Ōnawe Peninsula

Accessibility: EASY
Dike along the shore with chilled margin (pale colour at edges). Photo/ K Pedley
Ōnawe Peninsula exposes a variety of both volcanic and plutonic igneous rocks near the centre of the Akaroa Volcano. It provides us with a unique view into the initial stages of volcanism, an aspect not exposed at any other location on Banks Peninsula.
Trachyte dikes crossing over. Photo/ K Pedley
The northern end of the peninsula at the narrow neck exposes a basalt cinder cone and related volcanic ash deposits. These rocks are known as the French Hill Formation (9.0 - 8.3 million years old). A series of criss-crossing dikes (vertical intrusions) cutting through these rocks are commonly composed of trachyte (see definition below) and can be up to 6m thick.
On the highest point of Ōnawe Peninsula, at Ōnawe Pā, the plutonic Ōnawe Syenite intrusion is exposed as a group of boulders next to the Ōnawe Track. These rocks are of unknown age but younger than about 9 million years.
It is thought that the Akaroa Volcano evolved in a two stage process with a lower level magma chamber replenishing and mixing vigorously with an upper level magma body, resulting in the variety of rocks types we observe.

What are these rock types?
Volcanic rocks have cooled quickly from molten magma or lava at or near the surface of a volcano. As a result they have small crystals, often unable to be seen with the naked eye.
Plutonic rocks represent slow cooling of molten magma deep within the ground, often representing the magma chambers that feed the volcanoes at the surface. They have large crystals that are all very visible to the naked eye.
Basalt is a dark coloured volcanic rock, rich in heavy metals like iron. It is the most widespread of all igneous rocks, and comprises more than 90% of all volcanic rocks. Because of its relatively low silica content, basalt lava (which forms basalt rock when it cools) has a comparatively low viscosity (is "runny"), and forms thin flows that can travel long distances. It is also the hottest type of lava/magma.
Trachyte is a lightish grey coloured rock. The major mineral component of trachyte is alkali feldspar (e.g. orthoclase), and it generally contains no quartz. Because of the higher silica content, trachyte lava runs more sluggishly and at a cooler temperature than basalt. It is therefore also more explosive in eruptions than basalt. Trachyte is the volcanic equivalent of the plutonic rock syenite.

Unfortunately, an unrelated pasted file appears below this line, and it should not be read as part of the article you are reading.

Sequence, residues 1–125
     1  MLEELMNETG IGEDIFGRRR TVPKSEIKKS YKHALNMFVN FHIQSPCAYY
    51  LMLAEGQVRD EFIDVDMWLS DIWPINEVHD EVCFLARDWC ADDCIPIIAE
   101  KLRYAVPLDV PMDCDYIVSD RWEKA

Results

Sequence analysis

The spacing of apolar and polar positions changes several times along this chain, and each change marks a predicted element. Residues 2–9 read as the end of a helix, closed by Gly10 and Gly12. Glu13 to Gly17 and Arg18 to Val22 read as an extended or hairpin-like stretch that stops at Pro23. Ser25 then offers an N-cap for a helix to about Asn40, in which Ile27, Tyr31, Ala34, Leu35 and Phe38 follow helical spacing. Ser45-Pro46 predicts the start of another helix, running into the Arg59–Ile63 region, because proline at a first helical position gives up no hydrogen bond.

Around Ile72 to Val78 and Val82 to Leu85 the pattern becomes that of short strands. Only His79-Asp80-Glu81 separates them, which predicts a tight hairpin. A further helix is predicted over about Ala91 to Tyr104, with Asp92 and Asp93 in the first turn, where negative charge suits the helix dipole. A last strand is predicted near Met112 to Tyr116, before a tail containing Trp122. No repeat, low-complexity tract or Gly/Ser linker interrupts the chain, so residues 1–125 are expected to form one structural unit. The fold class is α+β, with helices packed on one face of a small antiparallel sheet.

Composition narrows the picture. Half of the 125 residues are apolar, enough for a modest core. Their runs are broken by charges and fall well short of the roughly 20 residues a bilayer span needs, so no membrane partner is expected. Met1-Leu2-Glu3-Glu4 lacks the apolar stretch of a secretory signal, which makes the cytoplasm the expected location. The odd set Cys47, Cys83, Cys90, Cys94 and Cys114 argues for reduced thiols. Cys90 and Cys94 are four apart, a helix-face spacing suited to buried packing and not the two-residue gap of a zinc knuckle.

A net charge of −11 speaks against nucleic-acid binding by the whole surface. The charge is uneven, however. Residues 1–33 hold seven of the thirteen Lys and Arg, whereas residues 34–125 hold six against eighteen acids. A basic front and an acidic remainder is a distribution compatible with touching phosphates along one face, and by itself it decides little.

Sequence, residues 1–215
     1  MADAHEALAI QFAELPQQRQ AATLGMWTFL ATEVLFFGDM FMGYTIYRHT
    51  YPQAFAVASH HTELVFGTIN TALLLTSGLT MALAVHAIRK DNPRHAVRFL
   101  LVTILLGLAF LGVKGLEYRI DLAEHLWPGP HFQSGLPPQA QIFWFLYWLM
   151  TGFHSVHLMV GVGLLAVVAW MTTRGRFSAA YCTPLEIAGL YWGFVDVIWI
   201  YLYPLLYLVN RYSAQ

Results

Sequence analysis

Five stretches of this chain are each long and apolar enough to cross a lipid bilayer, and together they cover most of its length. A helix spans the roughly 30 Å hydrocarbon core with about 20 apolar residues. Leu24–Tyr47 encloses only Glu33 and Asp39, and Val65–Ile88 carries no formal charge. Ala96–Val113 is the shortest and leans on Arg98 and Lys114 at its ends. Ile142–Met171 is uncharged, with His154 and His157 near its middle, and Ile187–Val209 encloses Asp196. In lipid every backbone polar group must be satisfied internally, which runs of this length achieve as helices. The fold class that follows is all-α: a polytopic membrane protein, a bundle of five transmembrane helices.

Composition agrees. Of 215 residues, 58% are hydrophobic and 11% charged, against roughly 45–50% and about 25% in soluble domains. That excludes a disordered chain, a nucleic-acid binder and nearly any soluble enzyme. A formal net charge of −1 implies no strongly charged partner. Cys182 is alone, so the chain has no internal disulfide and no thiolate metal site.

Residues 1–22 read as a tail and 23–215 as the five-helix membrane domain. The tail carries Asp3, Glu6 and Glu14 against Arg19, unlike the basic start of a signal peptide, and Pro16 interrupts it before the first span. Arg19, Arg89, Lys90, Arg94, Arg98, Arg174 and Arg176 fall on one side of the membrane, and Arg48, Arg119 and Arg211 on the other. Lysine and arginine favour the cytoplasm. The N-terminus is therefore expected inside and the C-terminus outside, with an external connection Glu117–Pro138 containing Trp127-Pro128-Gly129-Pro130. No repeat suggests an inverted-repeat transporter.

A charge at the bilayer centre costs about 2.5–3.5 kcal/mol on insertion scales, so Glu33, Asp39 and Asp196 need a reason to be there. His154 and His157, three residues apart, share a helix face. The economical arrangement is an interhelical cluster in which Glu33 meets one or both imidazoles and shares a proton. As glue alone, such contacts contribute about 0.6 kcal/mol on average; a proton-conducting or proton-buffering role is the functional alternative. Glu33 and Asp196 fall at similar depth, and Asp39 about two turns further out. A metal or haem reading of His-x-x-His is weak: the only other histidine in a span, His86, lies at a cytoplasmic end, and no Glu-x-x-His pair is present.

Close-up of patterns in weathered trachyte. Photo/ K Pedley
The colour contrasts between the red basalt and the yellow, white and orange of the weathered trachyte (would normally be pale grey in colour) is quite striking and makes for great photographs!
Can you identify any pyroclastic bombs in the basalt French Hill Formation? These round shaped blobs of (now hardened) magma have been thrown out of the volcano during explosive eruptions.
Have a closer look at some of the dikes along the shore platform. Can you spot the glassy hard lighter coloured edges of the chilled margins? Can you also identify columnar cooling joints regularly cutting across the dikes? In dikes, these cooling joints run at right angles to the edges. While most of these dikes have no visible crystals, you may see the occasional pale coloured feldspar crystal in the very centre.
If you visit the syenite outcrop at the very top of the peninsula, compare the crystal sizes of the minerals in the rocks to what you saw in the trachyte dikes at the northern end. Similar minerals are present, just in much bigger size.

Access is off SH75 from Christchurch to Akaroa. If coming from either way look for the Ōnawe Flat Rd signposts. Carparking is at the end of the small peninsula at the start of the Ōnawe Track.

Avoid at high tide.
This is a sacred/tapu Māori site as Ōnawe Pā was the site of an invasion and massacre of the local Ngāi Tahu by Te Rauparaha in 1832. Please walk with respect, leave everything as you find it, and refrain from eating. Please just observe, do not use rock hammers.

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Accessibility: EASY

From the carpark follow the Ōnawe Track down to the beach. There are plenty of outcrops to look at along the beach and shore but you can also follow the Ōnawe Track (1 hr return - MODERATE) up to the old Pā site for great views of the volcanic surrounds and to visit the syenite outcrop.

Volcanic Plutonic Landform
Geological Age
Late Miocene, Akaroa Volcanic Group ( about 9 million years old)
Zealandia Evolution Sequence
Māui Supergroup (Emergence): 25 – 5 million years ago